German retail sales slip in December, statistics show

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German retail sales slipped by 0.3 percent in December from the previous month, figures released on Monday by the national statistics service showed, but gained by 1.2 percent for 2010 as a whole.

The provisional monthly drop at the end of the year was much better than a slump of 1.9 percent recorded in November, the Destatis office figures showed, but completely missed a forecast increase of 2.0 percent compiled by Dow Jones Newswires.

Germany, which has the biggest European economy, has traditionally relied on exports for growth, but lower unemployment and stronger wages have helped boost consumption and economists forecast it will help underpin activity this year.

"After today's numbers it might sound like a whistling in the dark, but with increasing wages, dropping unemployment and pent-up demand, private consumption should become an important growth driver this year," ING senior economist Carsten Brzeski said.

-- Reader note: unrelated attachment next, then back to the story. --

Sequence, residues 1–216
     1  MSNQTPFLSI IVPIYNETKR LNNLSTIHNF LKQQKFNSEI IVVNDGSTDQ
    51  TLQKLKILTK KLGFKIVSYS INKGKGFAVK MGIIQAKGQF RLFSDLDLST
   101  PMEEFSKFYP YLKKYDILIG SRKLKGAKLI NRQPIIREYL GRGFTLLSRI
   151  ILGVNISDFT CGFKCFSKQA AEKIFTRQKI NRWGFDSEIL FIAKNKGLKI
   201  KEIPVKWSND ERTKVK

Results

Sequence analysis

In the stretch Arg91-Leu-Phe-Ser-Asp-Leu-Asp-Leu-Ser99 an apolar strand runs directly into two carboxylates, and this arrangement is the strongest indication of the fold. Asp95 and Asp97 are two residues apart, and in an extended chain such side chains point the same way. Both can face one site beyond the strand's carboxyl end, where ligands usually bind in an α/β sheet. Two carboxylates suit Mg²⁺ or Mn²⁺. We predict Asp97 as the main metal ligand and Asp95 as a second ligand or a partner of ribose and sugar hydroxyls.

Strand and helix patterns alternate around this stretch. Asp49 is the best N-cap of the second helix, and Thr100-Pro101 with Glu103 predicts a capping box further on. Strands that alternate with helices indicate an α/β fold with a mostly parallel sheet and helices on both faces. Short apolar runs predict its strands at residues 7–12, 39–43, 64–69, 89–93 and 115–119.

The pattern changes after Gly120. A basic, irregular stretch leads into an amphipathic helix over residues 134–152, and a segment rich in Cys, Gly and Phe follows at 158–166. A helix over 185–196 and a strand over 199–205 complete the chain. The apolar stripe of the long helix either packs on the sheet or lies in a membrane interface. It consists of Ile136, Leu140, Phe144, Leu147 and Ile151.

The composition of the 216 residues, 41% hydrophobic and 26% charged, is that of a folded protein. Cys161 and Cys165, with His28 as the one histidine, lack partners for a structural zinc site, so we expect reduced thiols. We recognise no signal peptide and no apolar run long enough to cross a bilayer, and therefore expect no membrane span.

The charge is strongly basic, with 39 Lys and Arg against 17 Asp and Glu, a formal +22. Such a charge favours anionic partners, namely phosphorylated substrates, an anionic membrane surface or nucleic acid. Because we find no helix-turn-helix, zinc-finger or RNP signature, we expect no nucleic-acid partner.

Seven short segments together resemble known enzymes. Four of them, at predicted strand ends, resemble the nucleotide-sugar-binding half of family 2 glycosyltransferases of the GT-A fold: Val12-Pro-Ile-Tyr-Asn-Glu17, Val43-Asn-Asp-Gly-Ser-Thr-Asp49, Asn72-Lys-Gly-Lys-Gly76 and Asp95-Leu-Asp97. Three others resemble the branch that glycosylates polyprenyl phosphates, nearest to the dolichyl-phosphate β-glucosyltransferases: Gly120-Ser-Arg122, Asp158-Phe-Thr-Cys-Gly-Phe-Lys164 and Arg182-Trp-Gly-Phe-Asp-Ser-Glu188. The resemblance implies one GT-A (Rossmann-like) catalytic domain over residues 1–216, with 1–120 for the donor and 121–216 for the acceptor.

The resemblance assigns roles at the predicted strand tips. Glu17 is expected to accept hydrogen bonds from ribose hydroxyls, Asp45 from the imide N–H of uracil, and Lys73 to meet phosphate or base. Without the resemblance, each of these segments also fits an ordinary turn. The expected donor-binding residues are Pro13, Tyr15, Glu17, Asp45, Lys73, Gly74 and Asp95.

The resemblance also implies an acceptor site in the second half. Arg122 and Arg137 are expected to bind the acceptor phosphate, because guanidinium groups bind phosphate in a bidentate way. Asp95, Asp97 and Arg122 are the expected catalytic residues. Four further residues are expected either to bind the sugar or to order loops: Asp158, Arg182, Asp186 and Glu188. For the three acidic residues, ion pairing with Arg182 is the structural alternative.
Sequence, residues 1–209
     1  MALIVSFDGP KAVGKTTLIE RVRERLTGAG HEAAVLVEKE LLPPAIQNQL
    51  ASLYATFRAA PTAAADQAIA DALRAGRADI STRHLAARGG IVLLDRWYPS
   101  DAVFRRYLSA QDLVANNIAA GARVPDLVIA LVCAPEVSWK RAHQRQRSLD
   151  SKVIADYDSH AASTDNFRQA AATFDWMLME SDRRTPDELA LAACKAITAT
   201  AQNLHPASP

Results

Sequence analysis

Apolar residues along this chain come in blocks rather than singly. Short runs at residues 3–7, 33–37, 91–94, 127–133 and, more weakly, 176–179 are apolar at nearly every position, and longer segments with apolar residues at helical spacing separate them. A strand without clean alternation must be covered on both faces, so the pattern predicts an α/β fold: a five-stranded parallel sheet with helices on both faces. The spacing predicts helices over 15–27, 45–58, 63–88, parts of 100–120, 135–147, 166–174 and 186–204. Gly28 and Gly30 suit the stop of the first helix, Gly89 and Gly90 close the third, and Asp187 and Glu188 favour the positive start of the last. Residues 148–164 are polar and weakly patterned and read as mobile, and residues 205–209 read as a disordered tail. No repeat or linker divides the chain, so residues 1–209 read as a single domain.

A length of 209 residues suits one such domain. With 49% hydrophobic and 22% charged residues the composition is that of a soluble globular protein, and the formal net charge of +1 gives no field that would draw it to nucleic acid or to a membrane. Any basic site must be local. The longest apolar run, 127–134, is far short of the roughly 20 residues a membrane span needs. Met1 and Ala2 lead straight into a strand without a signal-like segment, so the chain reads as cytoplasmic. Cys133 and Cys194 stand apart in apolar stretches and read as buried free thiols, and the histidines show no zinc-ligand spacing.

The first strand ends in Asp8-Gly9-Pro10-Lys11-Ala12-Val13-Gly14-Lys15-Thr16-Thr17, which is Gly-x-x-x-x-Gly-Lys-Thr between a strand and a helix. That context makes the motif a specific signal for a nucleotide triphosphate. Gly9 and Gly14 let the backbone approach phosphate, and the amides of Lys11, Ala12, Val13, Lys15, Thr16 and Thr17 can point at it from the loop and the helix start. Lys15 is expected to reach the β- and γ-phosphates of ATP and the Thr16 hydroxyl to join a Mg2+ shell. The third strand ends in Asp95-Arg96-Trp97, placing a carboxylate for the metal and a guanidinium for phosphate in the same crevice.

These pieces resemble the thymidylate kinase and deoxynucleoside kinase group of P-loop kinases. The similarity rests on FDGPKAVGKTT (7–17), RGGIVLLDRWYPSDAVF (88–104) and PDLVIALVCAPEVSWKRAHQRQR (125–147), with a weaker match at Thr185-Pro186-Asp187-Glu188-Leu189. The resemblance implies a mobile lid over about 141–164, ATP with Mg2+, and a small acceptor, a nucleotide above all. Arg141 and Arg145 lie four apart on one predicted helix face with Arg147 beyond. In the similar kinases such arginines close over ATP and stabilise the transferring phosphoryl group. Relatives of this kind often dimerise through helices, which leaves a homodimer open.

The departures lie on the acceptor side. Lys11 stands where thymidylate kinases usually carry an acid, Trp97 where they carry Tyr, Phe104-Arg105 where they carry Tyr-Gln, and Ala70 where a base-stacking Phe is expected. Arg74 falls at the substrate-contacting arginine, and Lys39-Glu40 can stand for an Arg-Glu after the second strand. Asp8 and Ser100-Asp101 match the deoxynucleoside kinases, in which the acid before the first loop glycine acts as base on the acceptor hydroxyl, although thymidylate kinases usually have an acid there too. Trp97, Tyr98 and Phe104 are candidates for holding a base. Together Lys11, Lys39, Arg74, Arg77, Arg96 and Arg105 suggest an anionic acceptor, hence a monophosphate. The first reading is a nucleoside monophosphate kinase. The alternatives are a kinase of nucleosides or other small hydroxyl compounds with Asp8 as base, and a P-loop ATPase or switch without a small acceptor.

Inflation has picked up meanwhile, reaching a two-year high of 1.9 percent in January according to Destatis data, but the government still expects growth of 2.3 percent this year, following a record post-reunification rate of 3.6 percent in 2010.

Consumption is forecast to increase by 1.6 percent this year at constant prices, which would be much better than the annual average of 0.4 percent over the past decade.

© 2011 AFP

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